The Story of the Doublet
In November of 2004 I was thinking about a cool gift that I could make myself for my honey and wife Galen Brandt who was away in the east. At Burning Man in the summer I had vowed to start doing more creative projects (hey, being at a computer keyboard all day is not creative you may ask?). As a result of a fit of really clear but really weird vision (as often happens at Burning Man) I bought and moved a strange old hippie bus onto our property at Ancient Oaks Farm in the Santa Cruz Mountains to be the "art bus" studio (and why not?).
I now wanted to innaugurate its status as a real art bus by creating some art (cave man nerd says.. CREE-ATE ART!) in it. Galen and I had just that summer had our hair enhanced with weird colorful artificial extensions and I thought that a nice scrunchie with fancy dangling fabrics or ribbon would make a great addition to her hair (and mine too). I bought the materials for the scrunchie at Hart's Fabric in Santa Cruz and noticed a sign for a "sewing class". Thinking this would teach me how to use a needle and thread I signed up. I made the scrunchie in the NoFurthur art bus and sent it to Galen (who was... surprised and delighted) so felt encouraged.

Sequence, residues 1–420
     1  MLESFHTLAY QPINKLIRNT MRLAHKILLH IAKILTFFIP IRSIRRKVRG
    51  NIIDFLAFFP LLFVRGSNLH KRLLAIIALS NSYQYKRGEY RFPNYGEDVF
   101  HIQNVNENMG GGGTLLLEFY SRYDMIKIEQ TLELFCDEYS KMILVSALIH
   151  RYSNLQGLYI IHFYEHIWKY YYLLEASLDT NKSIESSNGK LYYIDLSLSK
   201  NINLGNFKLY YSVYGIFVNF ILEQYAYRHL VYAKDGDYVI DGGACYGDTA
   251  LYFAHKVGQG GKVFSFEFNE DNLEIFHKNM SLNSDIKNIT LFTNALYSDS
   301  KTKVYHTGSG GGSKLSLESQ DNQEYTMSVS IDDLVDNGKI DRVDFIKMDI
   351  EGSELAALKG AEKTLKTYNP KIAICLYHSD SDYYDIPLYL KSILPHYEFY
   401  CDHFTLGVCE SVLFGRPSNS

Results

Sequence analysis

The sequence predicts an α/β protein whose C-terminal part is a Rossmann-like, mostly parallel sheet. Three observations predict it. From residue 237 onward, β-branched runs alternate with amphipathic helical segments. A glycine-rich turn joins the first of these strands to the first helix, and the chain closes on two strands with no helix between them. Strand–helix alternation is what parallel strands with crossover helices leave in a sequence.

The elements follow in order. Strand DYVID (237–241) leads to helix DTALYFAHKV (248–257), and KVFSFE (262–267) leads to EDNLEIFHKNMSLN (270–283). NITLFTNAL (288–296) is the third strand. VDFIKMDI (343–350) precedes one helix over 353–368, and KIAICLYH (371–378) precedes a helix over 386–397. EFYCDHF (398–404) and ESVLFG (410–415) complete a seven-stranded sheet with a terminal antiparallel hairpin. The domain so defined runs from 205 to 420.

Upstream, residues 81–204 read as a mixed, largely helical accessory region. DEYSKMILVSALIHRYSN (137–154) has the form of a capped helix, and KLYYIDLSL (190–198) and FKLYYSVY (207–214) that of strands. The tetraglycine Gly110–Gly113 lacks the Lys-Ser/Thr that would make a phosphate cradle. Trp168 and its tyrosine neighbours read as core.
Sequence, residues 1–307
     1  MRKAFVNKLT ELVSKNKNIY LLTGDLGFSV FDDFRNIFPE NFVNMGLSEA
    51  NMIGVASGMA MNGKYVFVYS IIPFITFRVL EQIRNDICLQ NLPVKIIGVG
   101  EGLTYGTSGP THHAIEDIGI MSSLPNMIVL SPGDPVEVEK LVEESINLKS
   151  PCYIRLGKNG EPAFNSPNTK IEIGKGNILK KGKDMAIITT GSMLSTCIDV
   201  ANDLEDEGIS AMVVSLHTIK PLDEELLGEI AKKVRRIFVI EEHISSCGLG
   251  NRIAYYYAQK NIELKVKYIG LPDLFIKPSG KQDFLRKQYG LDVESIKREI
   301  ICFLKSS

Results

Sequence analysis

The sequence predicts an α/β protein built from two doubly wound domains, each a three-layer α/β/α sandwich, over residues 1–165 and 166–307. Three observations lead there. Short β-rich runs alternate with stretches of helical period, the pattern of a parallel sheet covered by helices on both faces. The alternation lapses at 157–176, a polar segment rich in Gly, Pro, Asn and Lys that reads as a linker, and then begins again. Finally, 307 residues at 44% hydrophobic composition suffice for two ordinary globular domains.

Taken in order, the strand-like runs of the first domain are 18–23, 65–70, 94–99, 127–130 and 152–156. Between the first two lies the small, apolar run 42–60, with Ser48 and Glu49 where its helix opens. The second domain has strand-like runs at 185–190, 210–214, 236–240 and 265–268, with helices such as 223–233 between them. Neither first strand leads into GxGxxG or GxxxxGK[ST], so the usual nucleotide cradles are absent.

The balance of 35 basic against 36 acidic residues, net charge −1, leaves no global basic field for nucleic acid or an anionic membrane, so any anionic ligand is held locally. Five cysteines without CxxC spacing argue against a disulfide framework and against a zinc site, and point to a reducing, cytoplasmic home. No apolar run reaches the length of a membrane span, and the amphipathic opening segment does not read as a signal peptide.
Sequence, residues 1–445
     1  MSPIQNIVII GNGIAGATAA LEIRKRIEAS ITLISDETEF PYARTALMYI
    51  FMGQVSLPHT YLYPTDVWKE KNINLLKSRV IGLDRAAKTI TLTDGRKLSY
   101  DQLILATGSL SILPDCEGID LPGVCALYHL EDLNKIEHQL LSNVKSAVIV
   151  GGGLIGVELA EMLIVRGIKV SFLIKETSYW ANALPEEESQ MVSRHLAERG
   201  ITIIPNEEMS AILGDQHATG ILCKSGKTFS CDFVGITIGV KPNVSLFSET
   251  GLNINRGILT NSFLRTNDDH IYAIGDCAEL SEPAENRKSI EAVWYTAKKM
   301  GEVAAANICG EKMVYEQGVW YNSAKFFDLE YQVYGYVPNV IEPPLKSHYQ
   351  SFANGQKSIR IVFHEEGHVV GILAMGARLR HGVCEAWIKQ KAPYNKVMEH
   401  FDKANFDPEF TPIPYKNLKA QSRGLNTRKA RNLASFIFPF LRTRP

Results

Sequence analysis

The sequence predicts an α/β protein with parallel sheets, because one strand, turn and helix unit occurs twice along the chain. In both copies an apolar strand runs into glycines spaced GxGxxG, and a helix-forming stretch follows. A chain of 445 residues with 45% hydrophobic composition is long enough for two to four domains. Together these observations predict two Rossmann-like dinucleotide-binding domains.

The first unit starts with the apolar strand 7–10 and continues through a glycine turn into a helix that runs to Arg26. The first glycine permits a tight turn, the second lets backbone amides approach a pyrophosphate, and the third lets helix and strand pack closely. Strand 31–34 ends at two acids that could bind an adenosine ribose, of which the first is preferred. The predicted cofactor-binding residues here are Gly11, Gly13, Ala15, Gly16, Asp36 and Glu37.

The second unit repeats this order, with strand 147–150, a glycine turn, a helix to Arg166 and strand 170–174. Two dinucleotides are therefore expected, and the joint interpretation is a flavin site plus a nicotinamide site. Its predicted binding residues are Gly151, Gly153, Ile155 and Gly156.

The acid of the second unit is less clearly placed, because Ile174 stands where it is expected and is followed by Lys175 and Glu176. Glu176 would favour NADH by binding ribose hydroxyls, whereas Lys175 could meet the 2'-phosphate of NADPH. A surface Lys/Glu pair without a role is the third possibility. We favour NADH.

Upon arriving at Hart's for my first class, the teacher, Jill of Heartgallery, said "where is your sewing machine"? I knew at that moment I was in for more than just a needle. She then said "pick a project from this catalogue" and looking at me "... so you want to make a costume?". Jill had been teaching for 25 years and probably had a few ideas of why a nerd guy like me would want to take a class (Renaissance Faire anyone?). So I put my finger on the first cool thing I saw, a Renaissance doublet, with all the trimmings, and Jill didn't blink and said, "OK, we have that pattern, lets get your materials, you can start cutting"!
Two classes later I realized what a complex project I had selected (Jill didn't blink, remember?) but I plowed along, coming to Harts early, leaving late and continuing work on my brand new Bernina 1008 in the NoFurthur art bus studio. The last two weeks was a marathon getting the trim, the clasps, the jewelry, the lining (can anyone guess why these garments cost hundreds of dollars or more?) and getting it all on, with the Bernina doing double time getting over the sometimes 8 layers of upholstery fabric. Two visits to the bus from Jill and three broken needles and 10 hours of hand stitching later, the doublet was done, just in time for Christmas. It traveled with Galen and me back east to New Jersey and New York and served as a great conversation piece during holiday events there.
Whats next? The "cyber" version of the doublet, and we are talking way cool modern materials housing your cool gadgets in a new form of urban wearable. This idea of a cyber garment was inspired by conversations with Daria Dorosh, Professor at the Fashion Institute of Technology in the heart of New York City's Garment District. Daria says "no-one is doing it, making wearables cool" so here we go...
Enough jabbering for now, here are some photo galleries of the Renaissance doublet project about 2/3 of the way through as the final garment came together...
Contact me if you want to get on the bus!